Reference citations:Anon., ed. 2005. Ellobius (Ellobius) talpinus. Wilson & Reeder.s Mammal Species of the World. Third Edition. Bucknell Univesity. http://www.bucknell.edu/msw3/browse.asp?id=13000206 .
Evdokimov N.G.. 2003. Number fluctuations and population structure of the Northern mole vole (the primary analysis). Ecology (3): 225-234 (in Russian).
Gromov I.M., Erbaeva M.A. 1995. Mammals of Russia and adjacent territories. Lagomorphs and Rodents. St. Petersburg: ZIN RAN, 552 p. (in Russian).
Nurgel.dyev O.N. 1960. Materials on fauna and ecology of mammals of the first-turn Kara-Kum canal track and their practical significance. Ashkhabad: Izdatel.stvo Akademii nauk Turkmenskoi SSR, 287 p. (in Russian).
Pavlinov I.Ya., Kruskop S.V., Varshavskii A.A. & Borisenko A.V. 2002. Land animals of Russia. In: E.A.Dunaev & K.G.Mikhailov, eds. Manual-Identification book. Moscow: KMK, 298 p. (in Russian).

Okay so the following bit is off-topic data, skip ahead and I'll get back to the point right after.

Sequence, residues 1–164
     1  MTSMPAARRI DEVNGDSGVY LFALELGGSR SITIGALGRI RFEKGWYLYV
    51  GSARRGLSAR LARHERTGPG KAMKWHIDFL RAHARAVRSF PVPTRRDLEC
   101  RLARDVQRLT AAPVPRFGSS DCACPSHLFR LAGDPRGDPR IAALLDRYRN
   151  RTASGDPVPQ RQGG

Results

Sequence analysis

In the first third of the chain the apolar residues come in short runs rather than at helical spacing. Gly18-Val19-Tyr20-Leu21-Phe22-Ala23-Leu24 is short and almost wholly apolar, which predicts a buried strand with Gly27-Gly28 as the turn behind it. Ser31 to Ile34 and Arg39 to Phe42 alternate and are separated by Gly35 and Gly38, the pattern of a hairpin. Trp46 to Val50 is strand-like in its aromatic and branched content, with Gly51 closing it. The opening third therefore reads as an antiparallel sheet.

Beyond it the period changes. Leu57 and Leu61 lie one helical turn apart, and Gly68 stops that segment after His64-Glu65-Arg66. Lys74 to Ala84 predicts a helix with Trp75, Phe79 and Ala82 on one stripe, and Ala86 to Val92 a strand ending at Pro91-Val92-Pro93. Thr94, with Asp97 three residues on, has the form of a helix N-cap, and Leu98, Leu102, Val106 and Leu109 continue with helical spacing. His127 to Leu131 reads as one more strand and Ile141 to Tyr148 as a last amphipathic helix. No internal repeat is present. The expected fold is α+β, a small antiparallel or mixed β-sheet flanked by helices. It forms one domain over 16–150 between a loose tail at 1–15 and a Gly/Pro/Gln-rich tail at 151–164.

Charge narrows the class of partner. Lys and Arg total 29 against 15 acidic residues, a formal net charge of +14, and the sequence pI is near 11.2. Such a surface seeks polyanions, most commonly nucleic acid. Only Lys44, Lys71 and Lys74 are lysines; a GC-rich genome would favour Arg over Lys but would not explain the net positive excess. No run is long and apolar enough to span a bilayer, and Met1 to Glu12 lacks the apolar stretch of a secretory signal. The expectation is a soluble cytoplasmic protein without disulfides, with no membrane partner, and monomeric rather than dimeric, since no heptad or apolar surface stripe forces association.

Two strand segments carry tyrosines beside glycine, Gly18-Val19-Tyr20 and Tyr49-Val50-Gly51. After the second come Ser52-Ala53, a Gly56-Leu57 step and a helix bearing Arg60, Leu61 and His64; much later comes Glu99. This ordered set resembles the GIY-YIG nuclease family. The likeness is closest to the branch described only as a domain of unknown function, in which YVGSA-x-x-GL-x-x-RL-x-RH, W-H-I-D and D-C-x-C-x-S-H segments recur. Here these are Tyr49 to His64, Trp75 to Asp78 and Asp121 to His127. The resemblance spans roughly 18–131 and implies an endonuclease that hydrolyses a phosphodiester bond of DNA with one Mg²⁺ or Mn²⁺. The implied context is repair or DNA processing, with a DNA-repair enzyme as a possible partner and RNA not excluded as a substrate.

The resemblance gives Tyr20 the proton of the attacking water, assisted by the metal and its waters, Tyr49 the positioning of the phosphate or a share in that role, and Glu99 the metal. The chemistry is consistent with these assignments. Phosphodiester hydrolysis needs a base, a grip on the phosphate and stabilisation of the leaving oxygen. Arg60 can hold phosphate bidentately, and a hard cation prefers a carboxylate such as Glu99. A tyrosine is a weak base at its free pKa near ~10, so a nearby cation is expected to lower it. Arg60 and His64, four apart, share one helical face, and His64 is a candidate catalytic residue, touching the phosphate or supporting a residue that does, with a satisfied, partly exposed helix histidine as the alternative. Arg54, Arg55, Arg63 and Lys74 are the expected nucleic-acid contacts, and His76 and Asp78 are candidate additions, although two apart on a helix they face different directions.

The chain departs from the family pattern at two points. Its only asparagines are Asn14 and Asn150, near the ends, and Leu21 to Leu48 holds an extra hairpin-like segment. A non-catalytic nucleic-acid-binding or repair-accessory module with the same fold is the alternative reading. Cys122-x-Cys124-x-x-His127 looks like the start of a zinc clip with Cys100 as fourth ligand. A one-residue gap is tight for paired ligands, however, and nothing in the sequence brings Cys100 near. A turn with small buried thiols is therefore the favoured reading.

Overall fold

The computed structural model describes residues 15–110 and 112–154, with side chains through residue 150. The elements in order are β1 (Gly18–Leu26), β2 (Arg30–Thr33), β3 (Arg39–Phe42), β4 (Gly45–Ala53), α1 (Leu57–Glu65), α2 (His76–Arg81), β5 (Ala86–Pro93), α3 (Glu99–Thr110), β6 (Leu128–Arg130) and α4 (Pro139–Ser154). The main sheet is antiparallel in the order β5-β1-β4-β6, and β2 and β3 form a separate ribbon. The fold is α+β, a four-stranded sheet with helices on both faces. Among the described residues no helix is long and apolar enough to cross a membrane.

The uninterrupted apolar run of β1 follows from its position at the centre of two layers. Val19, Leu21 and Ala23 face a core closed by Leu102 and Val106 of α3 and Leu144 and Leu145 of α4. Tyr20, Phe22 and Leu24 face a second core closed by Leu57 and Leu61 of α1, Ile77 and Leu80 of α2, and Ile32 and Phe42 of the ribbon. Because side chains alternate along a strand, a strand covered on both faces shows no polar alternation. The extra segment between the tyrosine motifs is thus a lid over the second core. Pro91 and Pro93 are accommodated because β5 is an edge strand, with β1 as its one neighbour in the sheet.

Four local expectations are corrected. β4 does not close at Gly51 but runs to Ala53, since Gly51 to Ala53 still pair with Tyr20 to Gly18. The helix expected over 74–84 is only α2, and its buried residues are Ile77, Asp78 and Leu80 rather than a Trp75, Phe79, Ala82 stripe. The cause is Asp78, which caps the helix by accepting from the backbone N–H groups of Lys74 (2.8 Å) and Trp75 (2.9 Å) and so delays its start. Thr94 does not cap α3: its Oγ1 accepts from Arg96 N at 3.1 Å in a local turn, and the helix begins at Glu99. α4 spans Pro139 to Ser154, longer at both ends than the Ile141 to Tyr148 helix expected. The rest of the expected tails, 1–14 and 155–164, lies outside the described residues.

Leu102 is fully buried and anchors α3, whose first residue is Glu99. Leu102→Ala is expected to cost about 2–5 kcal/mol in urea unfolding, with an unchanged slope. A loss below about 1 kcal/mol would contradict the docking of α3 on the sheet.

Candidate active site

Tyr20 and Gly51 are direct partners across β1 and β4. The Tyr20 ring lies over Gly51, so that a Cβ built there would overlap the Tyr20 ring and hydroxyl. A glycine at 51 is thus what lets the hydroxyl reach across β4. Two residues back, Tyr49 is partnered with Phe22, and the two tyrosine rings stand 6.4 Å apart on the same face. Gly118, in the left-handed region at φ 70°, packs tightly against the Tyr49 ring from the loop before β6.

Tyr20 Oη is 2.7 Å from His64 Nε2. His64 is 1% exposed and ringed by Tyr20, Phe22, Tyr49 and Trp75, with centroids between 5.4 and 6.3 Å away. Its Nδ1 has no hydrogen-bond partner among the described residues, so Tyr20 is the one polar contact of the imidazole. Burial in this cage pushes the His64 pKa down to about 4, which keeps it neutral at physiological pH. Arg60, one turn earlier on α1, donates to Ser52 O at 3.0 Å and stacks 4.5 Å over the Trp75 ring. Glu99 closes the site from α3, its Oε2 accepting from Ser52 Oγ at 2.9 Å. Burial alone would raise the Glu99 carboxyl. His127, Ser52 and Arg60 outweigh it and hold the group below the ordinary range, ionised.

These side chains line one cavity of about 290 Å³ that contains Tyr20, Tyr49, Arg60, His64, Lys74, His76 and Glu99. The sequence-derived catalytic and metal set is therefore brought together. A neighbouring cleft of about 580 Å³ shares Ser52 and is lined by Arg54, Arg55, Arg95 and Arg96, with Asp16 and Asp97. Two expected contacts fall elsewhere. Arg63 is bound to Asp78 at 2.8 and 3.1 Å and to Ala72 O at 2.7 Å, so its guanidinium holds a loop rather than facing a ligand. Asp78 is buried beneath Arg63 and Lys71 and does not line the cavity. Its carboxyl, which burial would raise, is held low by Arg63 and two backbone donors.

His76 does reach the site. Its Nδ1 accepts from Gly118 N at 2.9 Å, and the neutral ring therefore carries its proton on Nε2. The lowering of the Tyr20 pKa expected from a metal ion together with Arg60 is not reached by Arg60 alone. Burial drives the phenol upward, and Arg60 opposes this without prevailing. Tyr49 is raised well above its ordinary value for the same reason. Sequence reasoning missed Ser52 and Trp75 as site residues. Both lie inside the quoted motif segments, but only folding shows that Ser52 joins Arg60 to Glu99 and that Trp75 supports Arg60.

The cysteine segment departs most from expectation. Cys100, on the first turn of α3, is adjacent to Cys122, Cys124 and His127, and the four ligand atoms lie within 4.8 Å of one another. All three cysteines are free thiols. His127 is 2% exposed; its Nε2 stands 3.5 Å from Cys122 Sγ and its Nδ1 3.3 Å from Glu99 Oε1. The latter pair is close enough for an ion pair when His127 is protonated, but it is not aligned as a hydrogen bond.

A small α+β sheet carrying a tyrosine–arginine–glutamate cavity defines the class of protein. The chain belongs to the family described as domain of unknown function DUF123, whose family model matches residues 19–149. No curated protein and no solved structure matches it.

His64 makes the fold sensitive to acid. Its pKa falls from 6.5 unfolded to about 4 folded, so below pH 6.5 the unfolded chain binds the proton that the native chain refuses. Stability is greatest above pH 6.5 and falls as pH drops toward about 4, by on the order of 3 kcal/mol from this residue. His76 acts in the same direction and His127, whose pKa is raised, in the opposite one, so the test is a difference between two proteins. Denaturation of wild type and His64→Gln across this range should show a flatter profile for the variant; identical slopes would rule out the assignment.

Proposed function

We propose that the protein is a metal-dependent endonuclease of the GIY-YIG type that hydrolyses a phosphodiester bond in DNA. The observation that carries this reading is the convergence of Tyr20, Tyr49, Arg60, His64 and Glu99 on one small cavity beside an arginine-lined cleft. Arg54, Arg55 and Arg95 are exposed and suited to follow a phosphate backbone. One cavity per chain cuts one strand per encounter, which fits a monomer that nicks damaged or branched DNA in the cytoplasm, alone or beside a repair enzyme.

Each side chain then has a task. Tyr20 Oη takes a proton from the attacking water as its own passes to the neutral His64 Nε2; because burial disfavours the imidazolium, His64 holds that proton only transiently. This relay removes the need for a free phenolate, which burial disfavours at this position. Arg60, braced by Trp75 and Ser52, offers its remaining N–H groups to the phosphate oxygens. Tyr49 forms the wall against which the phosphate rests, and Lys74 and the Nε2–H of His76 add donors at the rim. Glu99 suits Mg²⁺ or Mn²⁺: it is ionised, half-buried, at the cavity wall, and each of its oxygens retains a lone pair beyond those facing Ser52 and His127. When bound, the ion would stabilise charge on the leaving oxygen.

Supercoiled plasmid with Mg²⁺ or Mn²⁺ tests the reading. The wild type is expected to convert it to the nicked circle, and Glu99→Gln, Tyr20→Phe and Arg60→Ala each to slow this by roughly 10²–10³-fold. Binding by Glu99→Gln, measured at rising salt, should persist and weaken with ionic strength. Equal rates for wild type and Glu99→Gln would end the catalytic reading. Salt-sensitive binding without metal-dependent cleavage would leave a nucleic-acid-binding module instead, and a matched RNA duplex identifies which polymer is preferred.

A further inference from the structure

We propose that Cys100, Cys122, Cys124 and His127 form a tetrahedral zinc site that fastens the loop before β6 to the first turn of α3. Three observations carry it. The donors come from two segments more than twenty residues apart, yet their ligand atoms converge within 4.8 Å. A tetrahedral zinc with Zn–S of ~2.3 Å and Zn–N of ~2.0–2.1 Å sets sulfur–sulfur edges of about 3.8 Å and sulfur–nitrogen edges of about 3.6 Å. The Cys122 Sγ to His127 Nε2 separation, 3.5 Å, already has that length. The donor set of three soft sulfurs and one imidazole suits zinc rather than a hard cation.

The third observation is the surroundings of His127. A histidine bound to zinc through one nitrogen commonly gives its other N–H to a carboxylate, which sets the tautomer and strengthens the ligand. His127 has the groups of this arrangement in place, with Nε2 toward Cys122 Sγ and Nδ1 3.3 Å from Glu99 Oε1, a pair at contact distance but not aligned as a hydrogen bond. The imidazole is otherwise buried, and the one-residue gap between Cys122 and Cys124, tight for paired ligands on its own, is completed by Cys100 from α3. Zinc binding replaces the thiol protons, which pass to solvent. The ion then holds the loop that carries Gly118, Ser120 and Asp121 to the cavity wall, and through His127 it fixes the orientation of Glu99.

Pavlinov, I.Ya., Rossolimo, O.L. 1987. Taxonomy of the USSR mammals. In: Sokolov V.E., ed. Moscow: Moscow University, 284 p. (in Russian).
Rakov N.V. 1955. Data on ecology of the Northern mole vole in the Southeastern Kazakhstan and ways of its control. In: Belyaev A.M., ed. Proceedings of Plant Protection Republican Station. Vol. 2. Alma-Ata: Kazakhskoe gosudarstvennoe izdatel.stvo, p. 103-130 (in Russian).
Slastenina E.S. 1963. Ecology and harmful activity of the Northern mole vole (Ellobius talpinus Pall.) in fields and pastures of Kirghisia. In: Shaposhnikov F.D., ed. Uchenye zapiski. Kafedra zoologii. Vol. 24, part 2. Tumen.: Tumenskii gosudarstvennyi pedagogicheskii institut, 64 p. (in Russian).
Sludskii A.A., ed. 1978. Mammals of Kazakhstan. Rodents (gerbils, voles, the Siberian zokor). Vol. 1, part 3. Alma-Ata: Nauka, 492 p. (in Russian).
Zubko Ya.P, Ostryakov S. I. 1961. About reproduction of the Northern mole vole (Ellobius talpinus) in the South of Ukraine. Zoologicheskii zhournal 40(10): 1577-1579 (in Russian).